I wonder how this is different from the existing NAS CG conjugate gradient benchmark.
From what I can tell, it might be mostly packaging and license?
Also, while the slides are pretty readable, I was a little curious what exact points they were trying to make on the slides with results. The first one is clear though- always entertaining to see the difference between peak flops and app performance. Less than one percent of peak!
I wonder how this is different from the existing NAS CG conjugate gradient benchmark. From what I can tell, it might be mostly packaging and license?
After reading your comment I got curious about this myself and did a little hunting. From the original paper on HPCG:
The NAS Parallel Benchmarks (NPB)  include a CG benchmark. It shares many attributes with what is propose here. Despite the wide use of this benchmark, it has the critical flaw that the matrix is chosen to have a random sparsity pattern with a uniform distribution of entries per row. This choice has led to the unfortunate result that a two-dimensional distribution of the matrix is optimal. Therefore, computation and communication patterns are non-physical. Furthermore, no preconditioning is present, so the important features of local sparse triangular solve is not represented and is not easily introduced, again because of the choice of a non-physical sparsity pattern. Although NPB CG has been extensively used for HPC analysis, it is not appropriate as a broad metric for our effort.
Also, while the slides are pretty readable, I was a little curious what exact points they were trying to make on the slides with results.
This is always the problem with a “bare” slide-deck. :P I think they’re mostly trying to show results on clusters that have well-known perf results in the HPC community, but it’s definitely hard to tell.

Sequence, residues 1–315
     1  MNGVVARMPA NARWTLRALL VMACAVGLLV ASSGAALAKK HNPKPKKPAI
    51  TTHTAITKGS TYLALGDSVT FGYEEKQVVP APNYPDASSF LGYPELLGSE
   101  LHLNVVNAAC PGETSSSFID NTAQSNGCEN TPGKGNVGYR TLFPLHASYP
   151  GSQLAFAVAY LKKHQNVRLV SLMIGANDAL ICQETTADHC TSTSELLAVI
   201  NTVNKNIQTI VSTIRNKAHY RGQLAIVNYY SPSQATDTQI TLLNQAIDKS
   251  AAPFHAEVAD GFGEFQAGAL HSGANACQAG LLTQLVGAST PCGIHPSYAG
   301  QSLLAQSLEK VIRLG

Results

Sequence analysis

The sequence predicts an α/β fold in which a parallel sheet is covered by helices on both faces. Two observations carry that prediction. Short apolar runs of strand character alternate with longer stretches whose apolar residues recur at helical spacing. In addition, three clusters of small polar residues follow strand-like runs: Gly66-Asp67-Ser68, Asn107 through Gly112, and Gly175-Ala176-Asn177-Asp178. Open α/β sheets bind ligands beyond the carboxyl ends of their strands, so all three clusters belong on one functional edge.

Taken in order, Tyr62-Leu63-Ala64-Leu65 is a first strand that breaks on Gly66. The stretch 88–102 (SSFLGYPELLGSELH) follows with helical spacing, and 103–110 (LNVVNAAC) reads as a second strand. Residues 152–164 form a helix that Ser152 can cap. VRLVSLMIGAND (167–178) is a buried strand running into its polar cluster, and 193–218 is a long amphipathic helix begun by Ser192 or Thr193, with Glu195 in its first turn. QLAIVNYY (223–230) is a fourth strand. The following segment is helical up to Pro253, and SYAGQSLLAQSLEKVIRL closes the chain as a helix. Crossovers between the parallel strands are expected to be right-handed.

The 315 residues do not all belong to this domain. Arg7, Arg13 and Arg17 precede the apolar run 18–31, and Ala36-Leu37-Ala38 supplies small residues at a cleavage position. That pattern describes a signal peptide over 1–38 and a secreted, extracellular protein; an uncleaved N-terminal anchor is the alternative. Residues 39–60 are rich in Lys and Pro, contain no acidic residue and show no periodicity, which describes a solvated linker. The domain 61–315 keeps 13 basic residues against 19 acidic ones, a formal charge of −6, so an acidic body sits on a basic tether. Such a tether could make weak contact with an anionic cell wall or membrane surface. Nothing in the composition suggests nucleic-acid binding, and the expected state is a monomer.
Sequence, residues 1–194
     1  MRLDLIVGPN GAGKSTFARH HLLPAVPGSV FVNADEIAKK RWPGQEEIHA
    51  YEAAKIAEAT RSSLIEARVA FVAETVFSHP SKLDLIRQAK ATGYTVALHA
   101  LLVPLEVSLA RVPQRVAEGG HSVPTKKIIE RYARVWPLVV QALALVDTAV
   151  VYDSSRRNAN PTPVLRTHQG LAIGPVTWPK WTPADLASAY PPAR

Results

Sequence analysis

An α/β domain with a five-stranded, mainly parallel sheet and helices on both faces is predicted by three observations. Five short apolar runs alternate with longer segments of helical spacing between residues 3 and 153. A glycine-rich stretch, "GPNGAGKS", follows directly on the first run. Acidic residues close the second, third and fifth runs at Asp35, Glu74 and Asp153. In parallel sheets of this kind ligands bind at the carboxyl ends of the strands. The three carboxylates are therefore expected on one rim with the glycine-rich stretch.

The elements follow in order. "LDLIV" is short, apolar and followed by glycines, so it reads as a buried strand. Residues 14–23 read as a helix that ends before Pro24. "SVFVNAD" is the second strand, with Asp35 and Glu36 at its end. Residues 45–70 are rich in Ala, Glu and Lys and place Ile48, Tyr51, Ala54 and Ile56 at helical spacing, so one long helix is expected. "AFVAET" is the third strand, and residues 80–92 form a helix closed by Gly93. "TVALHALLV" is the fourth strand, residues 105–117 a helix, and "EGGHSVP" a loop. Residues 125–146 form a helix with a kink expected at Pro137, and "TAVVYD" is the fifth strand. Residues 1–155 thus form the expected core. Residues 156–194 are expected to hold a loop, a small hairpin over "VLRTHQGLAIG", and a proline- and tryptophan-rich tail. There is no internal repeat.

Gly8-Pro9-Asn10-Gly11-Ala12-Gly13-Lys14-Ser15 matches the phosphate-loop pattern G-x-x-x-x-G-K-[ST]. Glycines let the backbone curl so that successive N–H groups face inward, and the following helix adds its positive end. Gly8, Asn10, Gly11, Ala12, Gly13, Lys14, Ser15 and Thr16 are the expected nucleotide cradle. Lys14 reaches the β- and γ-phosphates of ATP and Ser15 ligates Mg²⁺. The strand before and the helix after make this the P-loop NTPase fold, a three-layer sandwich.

Though I thought slide 34, which showed the substantial the improvement from tuning on the K computer, was also interesting. I’d be curious how much tuning is necessary to get good perf on HPCG vs HPL… that might have some bearing on its future adoption.
Interesting, thanks for digging. That proposal you linked is shorter and more readable than I expected :)
So it sounds like NAS CG is more synthetic and un-representative than I would’ve thought. That’s interesting.
That reminds me that a totally impossible but really interesting study I always used to dream of doing is to go through the back literature and look for any results that depend on suspect benchmarks, and attempt to reproduce the results with real workloads. It’d be like that recent drug study that went back and reviewed old results: Economist: “Trouble at the lab”. Maybe I’m a pessimist, but I’d expect trouble at the computer lab too…
I was always fond of the “Flash vs. Simulated Flash” paper for the same kind of reason. Wish there was a forum for more things like that.